À la Big Brotaru, immersed in a microcosm of Belgian video games

The small world of Belgian video games gathered in July for Big Brotaru, a networking event where developers can showcase their games and invite the curious to try them out. This year’s event was a dress rehearsal of sorts for Gamescom, Europe’s biggest video game trade show, taking place in Cologne in a few weeks. We managed to test several prototypes and demo versions of future black-yellow-red games…

Fun place for an aperitif! It is in, a former bank that served as a temporary venue for various events before its re-appointment, that Big Brotaru is being held this year.

Big Brotaru is the large-format version of Brotaru, the Belgian video game community’s monthly online meeting inspired by what’s already been done in Japan. Created in 2014, it allows developers as well as other players in the sector to meet to build a network. In eight years the attendance of the meeting has remained more or less constant (50-80 people), but the Belgian video game market has changed significantly.

Entering, you pass through empty and bare rooms with exposed concrete, like at a construction site. Voices echo in the background and we see what looks like a gathering of geeks of all ages in a casual setting.

Relaxed atmosphere a la Big Brotaru © Arturia Dequimpe

Fabrice Daniel, a cheerful man in his early 30s, is one of the old veterans of Walloon video games. “When I told my relatives that I make video games, they asked me which store sells them! Game development was an abstract thing for people. Today there are more or less a thousand industrial enterprises in Belgium, while ten years ago there were less than a hundred. There was no ecosystem, there was a desert. “But things have changed. Fabrice, who originally worked at Fishing Cactus, founded Maracas Studio last May with ambitious plans. And he is far from the only one launching his box in our country.

This growth of the video game sector in Belgium is actually largely due to the recent realization by the authorities of the economic interest in developing video games here. Because under the right conditions, the gaming industry can pay off big: in twenty-five years, Quebec’s tax break has allowed major job-creating studios to settle in Belle and turn it into a giant in the sector.

Only in 2023 will the Belgian federal government’s tax haven, already established in the film industry, be applicable to video games. However, in recent years there has been some help from the Federation of Wallonia and Brussels, but above all from the VAF, the Flemish audiovisual foundation that supports the sector. It is also one of the few places in the culture where there is such strong cooperation between north and south of the country, where English is widely used as the lingua franca.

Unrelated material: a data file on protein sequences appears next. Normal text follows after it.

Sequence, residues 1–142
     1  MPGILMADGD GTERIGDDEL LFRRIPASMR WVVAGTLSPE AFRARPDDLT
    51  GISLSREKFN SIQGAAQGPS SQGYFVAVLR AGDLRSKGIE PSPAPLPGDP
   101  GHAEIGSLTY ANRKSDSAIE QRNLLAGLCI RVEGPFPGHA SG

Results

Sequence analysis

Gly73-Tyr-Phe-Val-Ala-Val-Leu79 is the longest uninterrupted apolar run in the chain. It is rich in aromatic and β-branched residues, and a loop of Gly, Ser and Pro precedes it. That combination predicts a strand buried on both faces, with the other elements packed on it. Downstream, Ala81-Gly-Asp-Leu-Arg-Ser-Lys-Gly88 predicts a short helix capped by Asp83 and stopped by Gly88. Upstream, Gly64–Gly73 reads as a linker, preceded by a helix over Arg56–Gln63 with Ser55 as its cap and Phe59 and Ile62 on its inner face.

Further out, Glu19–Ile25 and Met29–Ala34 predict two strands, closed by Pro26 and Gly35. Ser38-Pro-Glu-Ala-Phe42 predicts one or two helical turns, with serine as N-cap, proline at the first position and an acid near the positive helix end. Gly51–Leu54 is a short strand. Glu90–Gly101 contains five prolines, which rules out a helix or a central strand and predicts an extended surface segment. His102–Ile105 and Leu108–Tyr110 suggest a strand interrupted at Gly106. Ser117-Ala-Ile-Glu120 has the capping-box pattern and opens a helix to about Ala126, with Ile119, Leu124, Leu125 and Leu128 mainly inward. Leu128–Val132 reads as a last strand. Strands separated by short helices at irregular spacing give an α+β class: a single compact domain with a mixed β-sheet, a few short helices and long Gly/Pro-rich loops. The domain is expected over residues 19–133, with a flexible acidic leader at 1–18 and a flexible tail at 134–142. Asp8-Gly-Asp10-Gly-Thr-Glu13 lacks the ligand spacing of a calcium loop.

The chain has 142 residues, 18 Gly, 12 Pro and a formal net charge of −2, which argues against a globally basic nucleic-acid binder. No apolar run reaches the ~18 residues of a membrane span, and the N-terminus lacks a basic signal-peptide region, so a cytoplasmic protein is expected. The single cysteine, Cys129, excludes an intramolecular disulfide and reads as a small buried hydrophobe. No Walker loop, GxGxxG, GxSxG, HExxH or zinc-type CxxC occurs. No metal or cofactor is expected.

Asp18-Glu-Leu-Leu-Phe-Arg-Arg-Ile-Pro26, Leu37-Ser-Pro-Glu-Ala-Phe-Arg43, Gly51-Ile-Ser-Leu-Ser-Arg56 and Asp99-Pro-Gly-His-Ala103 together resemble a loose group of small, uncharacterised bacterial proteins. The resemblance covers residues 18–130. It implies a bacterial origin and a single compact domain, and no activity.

A small family of Belgian video games

If we don’t find thousands of industry workers here, it’s because many of them, once their careers have started off successfully, are now too busy to come to these kinds of events. But despite the presence of one or two “big” studios, Larian (Divinity) in Flanders and Appeal (Outcast) in Wallonia, which employ more than a hundred people, Belgium remains a country of independent developers. Despite the growing size of the industry, everyone here knows each other – or will soon get to know each other – and everyone agrees that Brotaru allows you to exchange tips between developers and find new employees. This is especially true of Colin Sovand and Laurent Toulouse from RamRam Studios, who are also present and whose portrait we drew in the previous article.

La Brotaru is also the right place to get to know lesser-known professions in the field of video game creation. Pauline Marlière, for example, is a freelance narrative designer. “The Narrative Designer is the person they always go to in the studio for everything related to the story. I establish a connection between the writer who writes the story and the game designer, telling them that such and such a dialogue will take place in such and such a place, will be caused by such and such an action, etc. ”

Pauline Marlière, Narrative Designer © AD
Sandra, esports enthusiast © AD